Daily Reflection

From a Creighton Student's Perspective

January 12, 2012

Sam Pierre

3rd Year Medical Student

1 Sm 4:1-11
Ps 44:10-11, 14-15, 24-25
Mk 1:40-45

They sat smiling on their cots lining both sides of the large room, their mangled hands folded and heads slightly bowing with the traditional “Namaste” greeting.  The 117-degree Calcutta heat soaked my clothes as I slowly followed the Missionary of Charity nun as she guided me through Titagarh, Mother Teresa’s Leprosy Center.  A great percentage staring blankly off into space, their leprosy having robbed their vision, were simply joyful to hear our voices greeting them.  Of the many emotions my visit elicited, a desire to alleviate their suffering came through most clearly.  As a medical student, I knew that the most that advanced medicine could offer was Dapsone, a drug that typically merely slows leprosy’s progression and transmission.  There was really not much I could offer.

My experience working with Mother Teresa’s Missionaries of Charity in Calcutta, India two summers ago has changed my perspective on several aspects of faith, including any biblical reference to leprosy.  I have a newfound appreciation for those true miracles that Jesus performed any time he cured a leper.  Even now, 2000 years of technology later, we cannot match that.  Needless to say, Jesus’ healing truly was something worthy of praise.  However, Jesus did not want the praise and accolades.  In today’s Gospel, he even demands that his “patient” remain silent about the miracle healing.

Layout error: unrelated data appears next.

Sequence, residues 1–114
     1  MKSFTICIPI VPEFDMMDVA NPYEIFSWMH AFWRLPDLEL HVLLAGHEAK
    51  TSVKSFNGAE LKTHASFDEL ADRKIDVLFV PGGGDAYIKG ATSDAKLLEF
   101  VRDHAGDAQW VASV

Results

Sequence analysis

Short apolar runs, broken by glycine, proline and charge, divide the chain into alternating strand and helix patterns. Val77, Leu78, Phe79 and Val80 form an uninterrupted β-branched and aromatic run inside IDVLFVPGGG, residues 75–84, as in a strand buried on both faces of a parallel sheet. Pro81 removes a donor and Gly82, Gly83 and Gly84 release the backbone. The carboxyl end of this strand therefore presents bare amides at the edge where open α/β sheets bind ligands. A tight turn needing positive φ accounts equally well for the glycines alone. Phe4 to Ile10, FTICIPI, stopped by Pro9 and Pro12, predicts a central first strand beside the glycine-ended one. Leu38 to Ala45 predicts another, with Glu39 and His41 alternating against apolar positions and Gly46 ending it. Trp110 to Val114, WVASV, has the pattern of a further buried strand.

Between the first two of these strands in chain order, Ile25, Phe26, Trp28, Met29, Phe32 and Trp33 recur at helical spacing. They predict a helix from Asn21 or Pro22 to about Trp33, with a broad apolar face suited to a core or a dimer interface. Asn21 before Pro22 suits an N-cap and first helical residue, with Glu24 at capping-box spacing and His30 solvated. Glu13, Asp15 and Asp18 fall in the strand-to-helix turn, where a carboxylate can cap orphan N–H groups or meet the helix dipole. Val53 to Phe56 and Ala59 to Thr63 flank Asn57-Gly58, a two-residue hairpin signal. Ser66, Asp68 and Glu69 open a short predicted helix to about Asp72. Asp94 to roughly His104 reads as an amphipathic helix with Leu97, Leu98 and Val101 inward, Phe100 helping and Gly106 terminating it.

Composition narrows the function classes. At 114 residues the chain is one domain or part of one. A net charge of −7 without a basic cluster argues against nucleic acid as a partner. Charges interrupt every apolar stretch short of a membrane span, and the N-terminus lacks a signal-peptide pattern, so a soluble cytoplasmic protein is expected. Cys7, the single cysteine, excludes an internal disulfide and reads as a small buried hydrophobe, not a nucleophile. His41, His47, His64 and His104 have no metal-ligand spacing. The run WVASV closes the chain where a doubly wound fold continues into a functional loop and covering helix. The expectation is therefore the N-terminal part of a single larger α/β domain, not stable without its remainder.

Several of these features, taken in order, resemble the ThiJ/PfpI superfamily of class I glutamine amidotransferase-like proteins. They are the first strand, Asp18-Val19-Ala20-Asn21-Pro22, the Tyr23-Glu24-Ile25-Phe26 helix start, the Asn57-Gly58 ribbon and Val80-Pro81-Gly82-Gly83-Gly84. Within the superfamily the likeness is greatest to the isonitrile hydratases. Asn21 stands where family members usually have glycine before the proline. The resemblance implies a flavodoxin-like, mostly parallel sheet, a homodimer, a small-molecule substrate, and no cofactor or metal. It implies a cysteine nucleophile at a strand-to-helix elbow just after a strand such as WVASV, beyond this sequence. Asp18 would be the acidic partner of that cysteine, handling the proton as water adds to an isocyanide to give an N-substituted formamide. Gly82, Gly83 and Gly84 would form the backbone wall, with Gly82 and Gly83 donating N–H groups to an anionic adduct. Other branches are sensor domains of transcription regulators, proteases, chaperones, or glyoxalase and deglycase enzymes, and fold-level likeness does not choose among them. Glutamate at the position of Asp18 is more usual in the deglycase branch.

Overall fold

Two important lessons come from this story.  The first is that we should seek to imitate Jesus’ selfless, humble approach to serving others with no regard for personal attention.  The second point is more significant. 

I imagine that I’m not the only one who feels overwhelmed by the thought of trying to serve in a way that Jesus did.  Odds are that none of us will ever cure leprosy on the spot.  However, what we do out of service to God’s people is not as important as the fact that we are doing it.  As Mother Teresa reminds us, “We can do no great things, only small things with great love.”

My final point comes from today’s first reading.  The Israelite people had plenty of emotion and excitement about God being in their midst on the battlefield.  In fact, “When the ark of the Lord arrived in the camp, all Israel shouted so loudly that the earth resounded,” (1 Samuel 4:5).  However, when it came time to act, the Israelites did not fight mightily enough and lost the battle.  Their excited passion contrasted with their lackluster action makes me question the same in my own life.  Do I spend too much time focusing on the emotional aspects of faith rather than actually living it?

While emotions certainly play a significant role in my faith, more important are the ways that I act on that faith in my daily life.  Jesus’ example in the Gospel shows us how to perform incredible acts of service in utter humility.  And Mother Teresa reminds us that the grandiosity of our actions is determined by the magnitude of love we apply to them.

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